Creating Community Careers Part 5: Systematic Instruction and Job Training

 

This course is the fifth of a series of five courses based on the work of Griffin-Hammis Associates (GHA.) GHA is working to create better methods and tools to help people find jobs or start their own business through Customized Employment. These courses are designed for professionals involved in employment development for individuals with disabilities, those recovering from mental illnesses or substance abuse issues, and others who face additional challenges beyond unemployment. This course provides techniques for teaching people the skills and routines they need for their new job. The course will cover the effective use of natural on-the-job training. It will provide additional instructional methods when natural training is not enough. These techniques will help to simplify complex jobs so that people with disabilities and other challenges will have a wider array of jobs available to them.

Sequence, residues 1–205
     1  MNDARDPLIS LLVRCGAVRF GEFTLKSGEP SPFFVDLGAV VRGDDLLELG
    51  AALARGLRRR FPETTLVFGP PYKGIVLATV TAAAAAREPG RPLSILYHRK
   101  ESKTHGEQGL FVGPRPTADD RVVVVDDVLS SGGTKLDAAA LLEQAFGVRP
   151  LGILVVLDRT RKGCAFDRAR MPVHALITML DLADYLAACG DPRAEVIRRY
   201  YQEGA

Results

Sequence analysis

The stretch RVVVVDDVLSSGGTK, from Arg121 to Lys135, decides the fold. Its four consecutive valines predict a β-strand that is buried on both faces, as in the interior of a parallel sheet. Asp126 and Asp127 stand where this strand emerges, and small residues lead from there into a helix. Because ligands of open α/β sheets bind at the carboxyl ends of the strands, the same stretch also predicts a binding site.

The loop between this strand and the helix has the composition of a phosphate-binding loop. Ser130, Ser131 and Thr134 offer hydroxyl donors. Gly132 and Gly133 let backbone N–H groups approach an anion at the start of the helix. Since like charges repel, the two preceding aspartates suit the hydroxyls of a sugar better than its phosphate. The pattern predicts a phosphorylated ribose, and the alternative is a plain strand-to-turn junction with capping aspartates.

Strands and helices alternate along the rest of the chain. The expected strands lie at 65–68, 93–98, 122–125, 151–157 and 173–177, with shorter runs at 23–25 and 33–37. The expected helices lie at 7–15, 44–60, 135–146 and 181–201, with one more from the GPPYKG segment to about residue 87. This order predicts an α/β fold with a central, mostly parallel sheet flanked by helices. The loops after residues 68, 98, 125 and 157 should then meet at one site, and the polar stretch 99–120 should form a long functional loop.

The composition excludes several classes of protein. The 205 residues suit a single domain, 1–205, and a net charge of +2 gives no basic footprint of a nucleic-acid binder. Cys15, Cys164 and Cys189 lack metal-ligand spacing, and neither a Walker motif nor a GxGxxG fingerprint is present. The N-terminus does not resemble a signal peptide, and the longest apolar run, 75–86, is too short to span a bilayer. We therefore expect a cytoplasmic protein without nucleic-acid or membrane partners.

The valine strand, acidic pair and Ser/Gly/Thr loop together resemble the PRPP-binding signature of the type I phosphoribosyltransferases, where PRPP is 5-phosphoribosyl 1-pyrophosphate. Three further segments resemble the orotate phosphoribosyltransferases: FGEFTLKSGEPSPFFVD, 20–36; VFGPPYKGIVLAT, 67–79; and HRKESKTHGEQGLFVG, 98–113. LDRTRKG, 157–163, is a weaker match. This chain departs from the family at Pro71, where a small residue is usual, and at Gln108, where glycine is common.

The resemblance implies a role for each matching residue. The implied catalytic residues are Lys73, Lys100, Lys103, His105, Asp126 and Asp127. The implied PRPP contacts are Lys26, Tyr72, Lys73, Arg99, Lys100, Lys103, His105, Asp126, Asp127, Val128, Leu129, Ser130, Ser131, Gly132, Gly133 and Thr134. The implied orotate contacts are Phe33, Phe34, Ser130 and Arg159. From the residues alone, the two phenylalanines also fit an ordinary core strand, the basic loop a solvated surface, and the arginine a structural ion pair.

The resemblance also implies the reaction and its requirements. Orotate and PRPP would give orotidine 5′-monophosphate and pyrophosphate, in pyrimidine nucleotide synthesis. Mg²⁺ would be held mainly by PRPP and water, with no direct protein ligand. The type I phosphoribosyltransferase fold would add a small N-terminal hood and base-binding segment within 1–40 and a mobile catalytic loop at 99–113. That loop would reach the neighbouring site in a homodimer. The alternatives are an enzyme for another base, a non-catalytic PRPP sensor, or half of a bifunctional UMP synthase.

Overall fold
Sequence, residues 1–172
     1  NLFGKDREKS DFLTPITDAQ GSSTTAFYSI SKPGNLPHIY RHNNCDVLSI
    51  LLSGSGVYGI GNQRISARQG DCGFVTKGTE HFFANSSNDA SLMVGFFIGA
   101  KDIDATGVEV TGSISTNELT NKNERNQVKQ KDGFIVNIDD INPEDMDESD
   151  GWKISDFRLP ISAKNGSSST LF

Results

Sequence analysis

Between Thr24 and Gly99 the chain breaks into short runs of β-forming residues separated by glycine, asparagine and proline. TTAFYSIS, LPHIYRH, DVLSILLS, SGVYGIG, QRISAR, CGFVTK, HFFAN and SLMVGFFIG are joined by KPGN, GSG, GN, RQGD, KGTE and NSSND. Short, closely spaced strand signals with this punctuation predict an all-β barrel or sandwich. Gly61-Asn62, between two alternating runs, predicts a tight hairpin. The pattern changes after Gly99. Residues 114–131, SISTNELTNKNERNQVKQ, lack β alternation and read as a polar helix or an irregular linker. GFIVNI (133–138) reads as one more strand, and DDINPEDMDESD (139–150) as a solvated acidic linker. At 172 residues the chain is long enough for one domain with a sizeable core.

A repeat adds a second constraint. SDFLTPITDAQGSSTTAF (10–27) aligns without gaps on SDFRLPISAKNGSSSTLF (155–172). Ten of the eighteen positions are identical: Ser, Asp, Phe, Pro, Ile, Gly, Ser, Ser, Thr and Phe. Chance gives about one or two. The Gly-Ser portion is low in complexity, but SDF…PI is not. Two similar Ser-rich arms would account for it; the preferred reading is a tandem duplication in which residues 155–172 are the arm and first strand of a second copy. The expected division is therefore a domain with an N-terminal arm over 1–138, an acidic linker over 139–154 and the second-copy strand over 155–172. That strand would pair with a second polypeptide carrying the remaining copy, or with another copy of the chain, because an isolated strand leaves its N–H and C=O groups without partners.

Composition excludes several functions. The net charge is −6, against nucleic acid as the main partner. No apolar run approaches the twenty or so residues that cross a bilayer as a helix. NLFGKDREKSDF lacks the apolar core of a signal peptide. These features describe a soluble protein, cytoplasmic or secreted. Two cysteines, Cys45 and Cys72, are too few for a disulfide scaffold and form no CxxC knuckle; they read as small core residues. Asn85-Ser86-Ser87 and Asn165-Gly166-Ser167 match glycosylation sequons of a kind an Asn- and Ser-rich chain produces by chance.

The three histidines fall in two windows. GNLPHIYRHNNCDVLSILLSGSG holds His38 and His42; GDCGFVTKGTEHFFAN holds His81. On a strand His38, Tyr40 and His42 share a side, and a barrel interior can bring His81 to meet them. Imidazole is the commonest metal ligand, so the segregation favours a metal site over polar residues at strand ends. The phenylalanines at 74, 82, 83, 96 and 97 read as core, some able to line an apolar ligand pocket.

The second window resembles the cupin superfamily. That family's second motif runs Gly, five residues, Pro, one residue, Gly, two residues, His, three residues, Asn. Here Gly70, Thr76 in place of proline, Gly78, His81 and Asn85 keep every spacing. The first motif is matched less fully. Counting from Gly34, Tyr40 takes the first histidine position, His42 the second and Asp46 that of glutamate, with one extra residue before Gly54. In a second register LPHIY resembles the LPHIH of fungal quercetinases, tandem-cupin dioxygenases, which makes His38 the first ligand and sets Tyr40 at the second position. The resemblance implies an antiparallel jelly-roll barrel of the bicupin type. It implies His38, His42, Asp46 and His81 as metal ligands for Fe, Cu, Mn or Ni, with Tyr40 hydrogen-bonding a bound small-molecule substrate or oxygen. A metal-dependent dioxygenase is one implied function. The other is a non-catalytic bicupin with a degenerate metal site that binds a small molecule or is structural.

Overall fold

$50.00

Hours: 3.50
REL-IDD-GHA-CCC5-V2

Certificates

Certificates provided by accrediting body (2 Match)

National Alliance for Direct Support Professionals

3.5 HOURS


This activity is approved for 3.50 contact hours.

Commission on Rehabilitation Counselor Certification

3.5 HOURS


This activity is approved for 3.50 contact hours.

Course Details

Course Code: REL-IDD-GHA-CCC5-V2
Hours: 3.5
Type: Online Course
Content Expiration Date: 6/30/2021
Learning Objectives:
Describe how natural training resources can and should be used for instruction on a new job
Explain why employment specialists need to be proficient in teaching skills and routines through systematic instruction
List and describe at least three additional instructional techniques to use if natural job support is not enough

Outline: